Ca2+ is an important messenger responsible for cellular activities, and Ca2+ homeostasis dysfunction is commonly observed in neurological diseases. In present study, we found that TRPV4, a Ca2+-permeable channel, was involved in the MPTP-induced PD mouse model. Specifically, TRPV4 expression was upregulated in the SN by treatment with MPTP for the following reasons. First, TRPV4 was directly activated by PLA2 [57], the expression of which was upregulated by MPTP [58]. Second, TRPV4 was activated by mechanical stretching of the cell membrane and changes in extracellular osmolarity [11], which were elicited by MPTP-induced inflammatory edema.

In present study, we found that activated TRPV4 contributed to neuronal loss in the SN of PD mice via ER stress and the inflammatory pathway (Fig. 9). Notably, ER stress and neuroinflammation interact in nervous system diseases [59, 60]. It is well accepted that inflammation is activated by ER stress, and high expression of multiple proinflammatory factors is relevant to neurodegenerative diseases. Moreover, inflammation-induced ER stress is also involved in neurotoxicity. It has been proven that inhibiting ER stress attenuates inflammation-mediated neuronal dysfunction, and this effect ultimately decreases the expression of apoptosis-associated proteins in the inflammatory microenvironment [61]. Taken together, these results suggest that ER stress and inflammation are highly orchestrated processes. In present study, we found for the first time that (I) TRPV4 expression was upregulated in MPTP-induced mice. (II) TRPV4 mediated ER stress and inflammation to induce the loss of DA neurons and behavioral deficits in MPTP-induced mice, and knockdown of TRPV4 prevented these neuronal impairments. Therefore, this study may open new research avenues for the drug treatment of PD. However, the clinical application value and the potential of special chemical antagonists of TRPV4 or natural medicines and gene therapies targeting TRPV4 need to be investigated in the future.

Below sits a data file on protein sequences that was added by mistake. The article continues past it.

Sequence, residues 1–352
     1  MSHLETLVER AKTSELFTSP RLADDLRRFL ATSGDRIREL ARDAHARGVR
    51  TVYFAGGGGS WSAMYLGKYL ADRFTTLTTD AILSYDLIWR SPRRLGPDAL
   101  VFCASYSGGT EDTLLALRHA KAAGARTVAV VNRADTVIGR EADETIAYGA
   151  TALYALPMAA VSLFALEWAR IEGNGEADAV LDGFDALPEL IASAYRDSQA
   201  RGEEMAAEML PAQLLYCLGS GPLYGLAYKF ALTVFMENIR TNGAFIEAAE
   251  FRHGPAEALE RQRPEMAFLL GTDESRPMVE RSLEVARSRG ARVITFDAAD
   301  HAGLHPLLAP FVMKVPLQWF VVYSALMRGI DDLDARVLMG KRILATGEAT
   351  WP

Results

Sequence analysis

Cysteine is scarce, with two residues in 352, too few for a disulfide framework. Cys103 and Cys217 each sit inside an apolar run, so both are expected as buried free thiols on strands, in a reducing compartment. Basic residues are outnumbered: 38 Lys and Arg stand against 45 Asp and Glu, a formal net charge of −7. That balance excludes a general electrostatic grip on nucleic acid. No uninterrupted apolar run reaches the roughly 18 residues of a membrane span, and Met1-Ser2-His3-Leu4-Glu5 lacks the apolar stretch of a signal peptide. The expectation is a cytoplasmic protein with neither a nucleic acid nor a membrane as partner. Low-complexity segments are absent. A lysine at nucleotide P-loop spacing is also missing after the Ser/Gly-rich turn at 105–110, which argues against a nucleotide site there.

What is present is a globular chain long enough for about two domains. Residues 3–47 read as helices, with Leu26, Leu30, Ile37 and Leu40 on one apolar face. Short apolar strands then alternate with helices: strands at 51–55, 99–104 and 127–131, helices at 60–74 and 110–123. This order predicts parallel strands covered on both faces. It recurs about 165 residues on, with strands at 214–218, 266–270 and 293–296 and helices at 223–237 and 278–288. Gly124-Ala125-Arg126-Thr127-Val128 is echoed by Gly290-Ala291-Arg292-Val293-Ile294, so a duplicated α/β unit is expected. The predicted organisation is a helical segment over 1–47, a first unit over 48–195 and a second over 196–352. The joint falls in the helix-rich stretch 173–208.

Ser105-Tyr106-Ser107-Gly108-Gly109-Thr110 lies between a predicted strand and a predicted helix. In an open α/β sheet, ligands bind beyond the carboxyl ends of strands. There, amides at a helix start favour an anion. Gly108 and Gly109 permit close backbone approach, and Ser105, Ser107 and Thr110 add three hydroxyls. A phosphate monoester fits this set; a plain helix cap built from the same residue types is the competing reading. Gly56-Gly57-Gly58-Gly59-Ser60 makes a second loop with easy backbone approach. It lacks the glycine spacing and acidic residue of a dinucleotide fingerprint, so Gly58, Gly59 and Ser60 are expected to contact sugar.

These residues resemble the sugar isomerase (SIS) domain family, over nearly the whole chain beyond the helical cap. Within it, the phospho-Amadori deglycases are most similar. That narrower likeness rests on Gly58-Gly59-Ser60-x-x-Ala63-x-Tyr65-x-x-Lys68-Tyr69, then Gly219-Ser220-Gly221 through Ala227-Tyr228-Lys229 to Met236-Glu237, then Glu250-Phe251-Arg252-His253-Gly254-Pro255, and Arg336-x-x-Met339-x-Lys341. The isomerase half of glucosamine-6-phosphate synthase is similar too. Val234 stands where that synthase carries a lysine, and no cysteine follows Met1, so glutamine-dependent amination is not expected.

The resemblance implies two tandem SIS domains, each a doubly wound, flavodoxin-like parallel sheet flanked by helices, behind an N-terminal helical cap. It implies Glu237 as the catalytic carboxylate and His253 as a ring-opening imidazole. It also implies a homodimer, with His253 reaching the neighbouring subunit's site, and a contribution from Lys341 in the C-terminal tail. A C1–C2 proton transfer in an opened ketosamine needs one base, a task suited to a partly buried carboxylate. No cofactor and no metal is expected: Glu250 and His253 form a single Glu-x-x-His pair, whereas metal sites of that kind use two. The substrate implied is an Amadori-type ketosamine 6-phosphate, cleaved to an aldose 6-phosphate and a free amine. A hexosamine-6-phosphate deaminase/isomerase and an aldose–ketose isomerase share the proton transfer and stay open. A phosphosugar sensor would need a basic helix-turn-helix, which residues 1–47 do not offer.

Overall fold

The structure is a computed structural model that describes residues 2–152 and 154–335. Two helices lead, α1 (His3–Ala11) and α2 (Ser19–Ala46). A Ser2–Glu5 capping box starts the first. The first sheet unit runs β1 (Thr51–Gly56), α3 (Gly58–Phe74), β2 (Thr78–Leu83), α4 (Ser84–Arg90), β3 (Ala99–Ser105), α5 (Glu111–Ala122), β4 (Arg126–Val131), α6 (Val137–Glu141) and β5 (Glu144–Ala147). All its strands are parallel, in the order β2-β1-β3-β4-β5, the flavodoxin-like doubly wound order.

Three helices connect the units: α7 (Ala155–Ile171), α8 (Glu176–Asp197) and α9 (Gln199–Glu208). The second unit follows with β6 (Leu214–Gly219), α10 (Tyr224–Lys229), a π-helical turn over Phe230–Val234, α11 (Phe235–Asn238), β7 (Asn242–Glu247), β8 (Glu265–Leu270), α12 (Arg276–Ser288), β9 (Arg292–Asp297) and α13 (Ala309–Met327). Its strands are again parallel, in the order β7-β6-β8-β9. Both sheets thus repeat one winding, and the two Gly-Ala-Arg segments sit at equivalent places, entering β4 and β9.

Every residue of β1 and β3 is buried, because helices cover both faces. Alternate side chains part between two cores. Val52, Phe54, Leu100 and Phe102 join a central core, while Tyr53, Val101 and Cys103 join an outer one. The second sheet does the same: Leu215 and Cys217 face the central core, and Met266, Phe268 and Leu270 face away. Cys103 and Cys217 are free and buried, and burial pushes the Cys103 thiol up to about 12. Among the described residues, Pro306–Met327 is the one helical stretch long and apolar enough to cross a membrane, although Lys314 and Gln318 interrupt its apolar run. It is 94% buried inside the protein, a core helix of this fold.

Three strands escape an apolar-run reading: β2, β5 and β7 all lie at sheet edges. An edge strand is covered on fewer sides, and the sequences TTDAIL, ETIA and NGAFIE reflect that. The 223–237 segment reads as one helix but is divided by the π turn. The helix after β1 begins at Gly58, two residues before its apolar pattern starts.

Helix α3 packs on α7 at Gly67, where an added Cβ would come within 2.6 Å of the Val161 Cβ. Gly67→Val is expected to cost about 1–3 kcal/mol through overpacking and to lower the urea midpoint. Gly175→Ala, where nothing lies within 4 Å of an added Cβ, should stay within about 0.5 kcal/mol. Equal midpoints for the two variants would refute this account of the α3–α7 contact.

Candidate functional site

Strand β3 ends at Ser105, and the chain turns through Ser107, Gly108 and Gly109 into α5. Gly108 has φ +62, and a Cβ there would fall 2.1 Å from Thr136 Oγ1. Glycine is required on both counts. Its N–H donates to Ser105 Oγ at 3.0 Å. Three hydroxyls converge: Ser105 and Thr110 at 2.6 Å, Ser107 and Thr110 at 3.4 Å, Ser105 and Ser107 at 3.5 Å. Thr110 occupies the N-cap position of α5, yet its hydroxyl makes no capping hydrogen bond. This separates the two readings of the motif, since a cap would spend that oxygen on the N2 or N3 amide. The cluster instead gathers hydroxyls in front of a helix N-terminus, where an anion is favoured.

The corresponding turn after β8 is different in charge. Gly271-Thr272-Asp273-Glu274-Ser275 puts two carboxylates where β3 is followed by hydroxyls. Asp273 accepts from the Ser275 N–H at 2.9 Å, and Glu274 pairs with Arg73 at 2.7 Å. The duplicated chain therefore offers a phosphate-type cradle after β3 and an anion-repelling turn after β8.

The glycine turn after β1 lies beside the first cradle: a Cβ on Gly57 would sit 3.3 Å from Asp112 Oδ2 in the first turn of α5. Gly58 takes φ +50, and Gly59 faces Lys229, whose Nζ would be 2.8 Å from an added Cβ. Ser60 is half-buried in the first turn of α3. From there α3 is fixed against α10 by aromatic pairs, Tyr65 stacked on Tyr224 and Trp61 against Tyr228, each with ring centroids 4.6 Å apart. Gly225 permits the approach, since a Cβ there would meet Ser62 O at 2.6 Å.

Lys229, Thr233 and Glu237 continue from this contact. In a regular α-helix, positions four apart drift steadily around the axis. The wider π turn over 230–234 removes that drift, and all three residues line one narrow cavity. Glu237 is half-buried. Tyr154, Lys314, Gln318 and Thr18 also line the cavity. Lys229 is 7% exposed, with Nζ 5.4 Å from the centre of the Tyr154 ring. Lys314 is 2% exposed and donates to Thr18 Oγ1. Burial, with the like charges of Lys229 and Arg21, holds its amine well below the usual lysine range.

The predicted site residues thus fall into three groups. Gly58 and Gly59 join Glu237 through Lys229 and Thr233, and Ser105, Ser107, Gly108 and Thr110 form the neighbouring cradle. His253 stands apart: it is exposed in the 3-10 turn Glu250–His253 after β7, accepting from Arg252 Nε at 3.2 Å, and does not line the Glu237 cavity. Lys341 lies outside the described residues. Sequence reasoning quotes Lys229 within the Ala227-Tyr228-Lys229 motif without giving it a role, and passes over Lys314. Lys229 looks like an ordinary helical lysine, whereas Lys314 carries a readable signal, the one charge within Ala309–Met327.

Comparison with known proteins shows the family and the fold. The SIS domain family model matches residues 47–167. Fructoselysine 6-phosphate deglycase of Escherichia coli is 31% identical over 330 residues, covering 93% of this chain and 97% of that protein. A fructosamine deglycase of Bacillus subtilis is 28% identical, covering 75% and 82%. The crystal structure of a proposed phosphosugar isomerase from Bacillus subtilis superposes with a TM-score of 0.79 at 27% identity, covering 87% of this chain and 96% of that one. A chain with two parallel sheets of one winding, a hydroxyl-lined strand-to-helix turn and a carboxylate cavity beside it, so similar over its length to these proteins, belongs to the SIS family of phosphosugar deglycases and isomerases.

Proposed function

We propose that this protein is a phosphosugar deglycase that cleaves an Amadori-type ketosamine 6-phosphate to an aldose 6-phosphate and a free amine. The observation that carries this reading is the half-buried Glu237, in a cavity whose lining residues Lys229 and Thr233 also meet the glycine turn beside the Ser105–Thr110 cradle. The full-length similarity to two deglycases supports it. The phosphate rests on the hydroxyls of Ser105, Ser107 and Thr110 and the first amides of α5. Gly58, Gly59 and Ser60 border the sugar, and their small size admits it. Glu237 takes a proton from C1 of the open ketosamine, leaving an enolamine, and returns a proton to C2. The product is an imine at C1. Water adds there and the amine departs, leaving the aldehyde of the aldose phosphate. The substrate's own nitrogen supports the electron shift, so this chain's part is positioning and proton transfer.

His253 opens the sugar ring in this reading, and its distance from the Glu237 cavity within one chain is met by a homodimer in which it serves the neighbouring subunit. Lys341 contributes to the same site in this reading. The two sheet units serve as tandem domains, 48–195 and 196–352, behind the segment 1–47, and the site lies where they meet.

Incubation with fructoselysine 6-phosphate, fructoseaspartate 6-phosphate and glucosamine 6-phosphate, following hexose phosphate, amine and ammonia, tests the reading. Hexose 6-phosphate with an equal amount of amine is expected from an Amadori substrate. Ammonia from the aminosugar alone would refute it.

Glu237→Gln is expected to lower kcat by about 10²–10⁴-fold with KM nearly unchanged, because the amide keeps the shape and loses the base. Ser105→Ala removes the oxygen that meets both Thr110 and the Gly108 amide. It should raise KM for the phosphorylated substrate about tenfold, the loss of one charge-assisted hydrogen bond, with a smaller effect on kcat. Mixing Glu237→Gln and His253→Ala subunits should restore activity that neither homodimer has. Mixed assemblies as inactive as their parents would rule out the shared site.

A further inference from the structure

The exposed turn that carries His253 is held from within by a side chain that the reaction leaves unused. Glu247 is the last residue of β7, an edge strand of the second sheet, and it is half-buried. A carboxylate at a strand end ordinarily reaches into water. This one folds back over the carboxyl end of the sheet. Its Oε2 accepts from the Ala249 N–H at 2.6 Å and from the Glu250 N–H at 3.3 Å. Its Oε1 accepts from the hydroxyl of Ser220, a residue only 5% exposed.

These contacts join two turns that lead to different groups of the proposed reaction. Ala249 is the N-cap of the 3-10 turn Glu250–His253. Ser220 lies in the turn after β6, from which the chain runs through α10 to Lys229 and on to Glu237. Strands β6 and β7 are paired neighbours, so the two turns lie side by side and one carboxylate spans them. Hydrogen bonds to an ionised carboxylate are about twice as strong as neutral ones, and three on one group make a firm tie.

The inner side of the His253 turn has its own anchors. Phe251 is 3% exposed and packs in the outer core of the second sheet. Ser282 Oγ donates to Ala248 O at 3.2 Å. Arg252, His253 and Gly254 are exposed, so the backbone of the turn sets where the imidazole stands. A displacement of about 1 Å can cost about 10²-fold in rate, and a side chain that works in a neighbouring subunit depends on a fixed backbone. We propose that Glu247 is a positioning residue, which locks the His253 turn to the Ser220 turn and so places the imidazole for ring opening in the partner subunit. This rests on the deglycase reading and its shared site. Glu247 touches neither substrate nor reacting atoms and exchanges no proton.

Fig. 9
figure 9

MPTP-induced activation of TRPV4 mediating ER stress and inflammation caused DA neuron death in the SN

Conclusions

The present study demonstrated that TRPV4 regulated ER stress and inflammation to induce the loss of DA neurons and behavioral deficits of MPTP-induced mice. Knockdown of TRPV4 alleviated these neuronal impairments significantly. Therefore, targeting TRPV4 to mediate ER stress and inflammation may be a potential therapeutic strategy for PD.